As with everything, there's some maintenance involved. Don't mix pads between alloy and carbon rims, or else your pads will all of a sudden become very abrasive as alloy bits get embedded in the pads. Keep your pads clean, as dirt and gunk turn any pad into an abrasive pad. After any ride where you've smelled the brake pads, drop the wheels out and hit the pads with some 80 grit sandpaper to knock the glazing off. Glazing is like gristle on the pad surface, and it makes the pad surface rock hard and non-abrasive. If you use cork pads, you have to be vigilant about glazing. And please, be aware of how worn down your pads are - metal pad holders are worse pads than any pads I've ever seen!

That's it for rim brake pads. We'll look at disc pads (and rotors) soon. 

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Tim – I’ve only experienced blue and red Campy pads. Blue are really similar to BXP, and red are a carbon specific pad that’s probably a bit hard for alloy (but that I’ve heard work great with ceramic/not ceramic rims).

Scott – BXPs are good pads and kind on rims.

Matt – With carbon rims, the big rule is stick with the recommended pads. We supply blue pads with current Rails, and Campagnolo red pads have also been tested well with them so you can use those. On the open road, I wouldn’t use cork because really they’re terrible at stopping but at adjusting speed they’re killer.

Cat – The variability of rim wear is endless – weather, hills, rider weight, braking style, what pads you use, how clean you keep your bike, etc. That’s why predicted rim life is somewhere between under 5000 miles (Seattle riders were the first to embrace discs because it’s a perfect storm for rim brake wheels) and infinity.

Weiwen – We supply a blue compound pad with Rails, but if and when people are able to race crits if they want to use cork, sure. Just take them out before you go anywhere that might require an actual stop.

Ted – The rotors should be fine, they are 2 piece which I way prefer, and other than that they are a hunk of steel. There’s some in the rotor discussion, but not much. The pads that come with your brakes are resin pads, while (spoiler alert) I generally prefer sintered though I may be weird for doing so. I’d say use them and wear the pads out and see how you like them.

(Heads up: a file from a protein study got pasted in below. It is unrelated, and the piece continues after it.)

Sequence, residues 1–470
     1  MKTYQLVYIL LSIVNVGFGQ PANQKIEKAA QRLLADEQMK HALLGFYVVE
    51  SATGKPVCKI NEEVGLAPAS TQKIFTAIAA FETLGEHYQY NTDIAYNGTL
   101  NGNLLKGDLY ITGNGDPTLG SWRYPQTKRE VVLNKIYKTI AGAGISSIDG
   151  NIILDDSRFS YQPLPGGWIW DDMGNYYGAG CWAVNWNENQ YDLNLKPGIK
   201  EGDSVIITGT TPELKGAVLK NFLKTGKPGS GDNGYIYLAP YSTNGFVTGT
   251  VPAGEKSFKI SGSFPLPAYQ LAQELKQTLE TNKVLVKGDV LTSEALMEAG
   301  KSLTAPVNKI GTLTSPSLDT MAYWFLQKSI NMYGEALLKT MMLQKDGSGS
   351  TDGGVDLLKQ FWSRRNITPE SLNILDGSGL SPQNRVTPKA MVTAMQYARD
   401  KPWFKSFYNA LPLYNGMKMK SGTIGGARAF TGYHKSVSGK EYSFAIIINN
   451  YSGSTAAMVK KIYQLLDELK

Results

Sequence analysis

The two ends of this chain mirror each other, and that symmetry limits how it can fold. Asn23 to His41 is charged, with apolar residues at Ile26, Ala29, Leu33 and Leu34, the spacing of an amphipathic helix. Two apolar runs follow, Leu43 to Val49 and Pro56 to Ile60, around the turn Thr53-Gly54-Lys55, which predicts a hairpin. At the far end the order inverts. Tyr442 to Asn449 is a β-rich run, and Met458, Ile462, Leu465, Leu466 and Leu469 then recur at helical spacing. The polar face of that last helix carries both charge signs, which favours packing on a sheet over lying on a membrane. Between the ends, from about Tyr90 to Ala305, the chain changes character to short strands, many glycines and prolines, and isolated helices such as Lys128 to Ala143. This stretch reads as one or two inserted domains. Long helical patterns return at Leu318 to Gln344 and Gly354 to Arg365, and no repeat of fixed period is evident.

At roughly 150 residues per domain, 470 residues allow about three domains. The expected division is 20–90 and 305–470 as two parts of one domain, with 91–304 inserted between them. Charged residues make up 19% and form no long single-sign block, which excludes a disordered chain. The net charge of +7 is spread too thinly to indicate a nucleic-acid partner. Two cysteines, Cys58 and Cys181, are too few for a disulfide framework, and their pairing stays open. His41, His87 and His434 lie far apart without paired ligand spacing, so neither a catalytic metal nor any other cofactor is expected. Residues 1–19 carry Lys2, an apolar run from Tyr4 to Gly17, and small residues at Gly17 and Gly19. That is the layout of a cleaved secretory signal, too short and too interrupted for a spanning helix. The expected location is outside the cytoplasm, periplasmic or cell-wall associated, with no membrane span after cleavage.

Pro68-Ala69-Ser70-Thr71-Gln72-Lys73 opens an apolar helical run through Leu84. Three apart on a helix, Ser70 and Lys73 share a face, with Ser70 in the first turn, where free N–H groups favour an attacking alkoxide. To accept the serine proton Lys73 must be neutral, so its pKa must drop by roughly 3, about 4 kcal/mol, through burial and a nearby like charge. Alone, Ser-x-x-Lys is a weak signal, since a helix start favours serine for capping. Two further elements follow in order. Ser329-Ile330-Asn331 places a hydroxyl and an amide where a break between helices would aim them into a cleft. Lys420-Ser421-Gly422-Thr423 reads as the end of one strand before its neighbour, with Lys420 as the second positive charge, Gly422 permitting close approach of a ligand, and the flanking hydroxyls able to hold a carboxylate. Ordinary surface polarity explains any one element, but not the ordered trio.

Thanks for the tips. I know the disc pad entry is coming soon, but I have a new bike build going on, with November wheels, and was hoping you could throw me some advice. Are the pads and rotors for the Shimano GRX 812 groupset any good, or should I replace them from the get-go? If I should replace, can you let me know what you like for a gravel bike?


Very interesting info about rim brake pads. I’m not sure I necessarily would have agreed on Shimano’s stock brake pads, at least for 105 and higher brakes, but I now realize that I’ve been on PEO rims with BXP pads for the last year, and I didn’t ride in the rain the year before. So, I wouldn’t necessarily know how they do in the wet.

What you say about BXP pads being good on alloy rims in general matches what Boyd Cycling told me – I was asking because the PEO coating on my rear rim got scraped off by grit. That was annoying.

I just realized that it’s not clear what stock pads you’re supplying. It sounds like you’re saying you can use cork pads with your rims, you just won’t stop very fast (same with cork pads on any carbon rim). So, I’d assume you’re not sending cork pads out with your Rails. Am I off-base?


Am I very gentle on brakes or just recklessly speedy? I’ve run two rims on my main bike over the course of 20 years- the OG CXP30s (which are still in great shape) and the current set. Neither rim has any visible wear to the braking surface which still looks almost new and I’ve maybe gone through to or three sets of koolstop pads.

That same bike also has super limited clearance- it just (really not) fits 28mm and I’m wanting to rebuild it’s ancestor which is from 1988 and is probably one of those frames- the rims on that were OEM and sucked to begin with.

Meh…. I guess I’ve reached that age where change starts to seem arbitrary and annoying.


I might have missed it, but did you say what pad you think is good for use on carbon rims when you are not using cork pads for criteriums?

I never knew Shimano pads are so bad. Maybe that is why I don’t think I have ever replaced a OEM Shimano pads and I do ride a decent amount (although majority flatlander)?